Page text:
On May 21, the day Modi arrived in Iran, the US violated Pakistani “red lines” and carried out a drone strike in Balochistan in order to assassinate the political leader of the Taliban, Mullah Akthar Mansour, and blow up Islamabad’s attempts to entice the Taliban into peace talks.

Kabul and Islamabad have long been trading accusations that the other is secretly supporting anti-government Islamist insurgents in their respective countries. Kabul, which does not recognize the British colonial border that separates between Afghanistan-Pakistan, has vigorously protested against Islamabad’s recent steps to fortify the border through the building of fences, ditches and border gates. In mid-June, fighting erupted between Pakistani and Afghan security forces at the Torkham border crossing.

The Chabahar deal has “ominous” implications” for Pakistan, two former Pakistan Defence Secretaries, Lt. General Asif Yasin Malik and Lt. General Nadeem Lodhi, told a Strategic Vision Institute workshop May 30. Malik warned “the alliance between India, Afghanistan, and Iran” threatens Pakistan with “an abyss of isolation, while Lodhi said Chabahar is designed to undermine the China Pakistan Economic Corridor (CPEC). In an obvious reference to China, Lodhi said, “We need to break out of this encircling move with help from friends, ... diplomatic manoeuvres and by forging a strong deterrence.”

Noting that Tehran was the most likely of the three to be open to Pakistani overtures, Lodhi called for Islamabad to take counter steps to prevent this “formidable bloc” from crystalizing." “Iran,” the Pakistani general declared, “must not be further alienated and its interests in CPEC should be developed.”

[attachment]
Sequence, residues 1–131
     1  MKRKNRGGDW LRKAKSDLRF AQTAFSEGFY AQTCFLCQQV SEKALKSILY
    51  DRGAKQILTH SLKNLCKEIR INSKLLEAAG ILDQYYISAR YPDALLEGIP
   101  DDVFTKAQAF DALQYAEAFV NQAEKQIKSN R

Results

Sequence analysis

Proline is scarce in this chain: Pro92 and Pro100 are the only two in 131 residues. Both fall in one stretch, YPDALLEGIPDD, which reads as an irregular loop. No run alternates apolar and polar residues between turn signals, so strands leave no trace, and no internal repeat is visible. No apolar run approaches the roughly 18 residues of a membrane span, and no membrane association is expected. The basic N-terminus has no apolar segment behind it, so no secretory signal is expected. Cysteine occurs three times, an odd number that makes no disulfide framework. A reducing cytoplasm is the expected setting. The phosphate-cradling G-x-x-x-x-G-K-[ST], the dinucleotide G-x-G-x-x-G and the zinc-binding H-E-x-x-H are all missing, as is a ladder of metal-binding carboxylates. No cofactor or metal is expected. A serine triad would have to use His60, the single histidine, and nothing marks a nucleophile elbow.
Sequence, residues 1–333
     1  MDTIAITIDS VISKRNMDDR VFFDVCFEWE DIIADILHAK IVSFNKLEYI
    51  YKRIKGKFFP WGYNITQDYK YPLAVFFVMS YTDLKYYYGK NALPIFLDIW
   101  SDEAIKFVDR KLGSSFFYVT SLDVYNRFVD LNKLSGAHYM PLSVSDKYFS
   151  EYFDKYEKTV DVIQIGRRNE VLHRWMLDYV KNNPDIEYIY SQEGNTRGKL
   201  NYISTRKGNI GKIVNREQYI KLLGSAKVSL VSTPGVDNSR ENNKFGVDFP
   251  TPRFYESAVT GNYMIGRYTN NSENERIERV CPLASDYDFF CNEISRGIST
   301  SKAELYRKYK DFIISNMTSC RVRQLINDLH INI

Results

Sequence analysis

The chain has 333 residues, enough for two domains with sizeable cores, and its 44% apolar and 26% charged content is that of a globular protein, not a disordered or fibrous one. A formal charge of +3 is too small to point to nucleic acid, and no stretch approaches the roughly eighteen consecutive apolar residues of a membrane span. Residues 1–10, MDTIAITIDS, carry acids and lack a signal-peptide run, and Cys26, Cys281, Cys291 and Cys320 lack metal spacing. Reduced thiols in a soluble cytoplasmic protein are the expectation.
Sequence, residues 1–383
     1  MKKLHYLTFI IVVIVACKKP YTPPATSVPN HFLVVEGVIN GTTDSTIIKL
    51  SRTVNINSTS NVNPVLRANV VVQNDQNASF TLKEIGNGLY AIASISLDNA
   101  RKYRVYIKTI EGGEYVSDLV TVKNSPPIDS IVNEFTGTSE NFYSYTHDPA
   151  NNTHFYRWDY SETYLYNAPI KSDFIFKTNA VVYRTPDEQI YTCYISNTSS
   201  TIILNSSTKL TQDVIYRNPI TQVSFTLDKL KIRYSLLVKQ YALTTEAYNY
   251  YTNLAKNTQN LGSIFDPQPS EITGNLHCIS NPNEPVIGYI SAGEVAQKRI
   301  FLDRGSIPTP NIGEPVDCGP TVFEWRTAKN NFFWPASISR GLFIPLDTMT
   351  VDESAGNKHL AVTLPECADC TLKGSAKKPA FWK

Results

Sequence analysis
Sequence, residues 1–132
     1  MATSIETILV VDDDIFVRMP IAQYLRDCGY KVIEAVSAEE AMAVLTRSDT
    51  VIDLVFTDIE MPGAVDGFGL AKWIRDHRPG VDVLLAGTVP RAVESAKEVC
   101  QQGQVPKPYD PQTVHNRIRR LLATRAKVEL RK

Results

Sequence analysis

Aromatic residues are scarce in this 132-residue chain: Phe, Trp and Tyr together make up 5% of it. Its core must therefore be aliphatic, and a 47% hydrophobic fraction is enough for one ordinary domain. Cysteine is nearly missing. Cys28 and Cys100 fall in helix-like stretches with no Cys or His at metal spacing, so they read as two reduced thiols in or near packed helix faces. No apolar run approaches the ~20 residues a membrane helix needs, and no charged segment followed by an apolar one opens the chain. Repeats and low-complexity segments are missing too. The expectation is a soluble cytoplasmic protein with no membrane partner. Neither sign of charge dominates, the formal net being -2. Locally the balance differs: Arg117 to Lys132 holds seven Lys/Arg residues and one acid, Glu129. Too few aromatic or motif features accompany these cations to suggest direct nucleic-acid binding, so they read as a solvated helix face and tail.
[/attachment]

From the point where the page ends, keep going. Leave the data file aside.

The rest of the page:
China’s growing presence in Pakistan, Iran, and Afghanistan

China’s response to the Chabahar project has been much more circumspect. While Beijing is angered and alarmed by the extent to which India under the two year-old premiership of Narendra Modi has integrated itself into the US’s anti-China “Pivot to Asia,” it still hopes it can forestall India’s entry into a formal US-led alliance along with Japan and Australia. A precipitous confrontation with India, calculates Beijing, would only play into Washington’s hands, enabling it to tighten its strategic harness on a frightened New Delhi.

Thus, the Chinese government-owned Global Times played down the strategic implications of the Chabahar corridor. It highlighted statements from Tehran that the project should be seen as complementary to the CPEC and the development of Gwadar, and inviting Chinese and Pakistani involvement in the Chabahar corridor.

That said, Beijing is not standing idly by as the US mounts its military-strategic offensive to isolate and encircle China and positions itself to implement its Air-Sea Battle plan, which would combine an economic blockade of China with a devastating missile and bomb attack on its industrial centers and infrastructure.

The CPEC is itself a response to the burgeoning Indo-US strategic partnership, as well as to New Delhi’s refusal to take up Beijing’s offers for a major role in the Chinese-led One Belt, One Road (OBOR) initiative to strengthen transport links across Eurasia.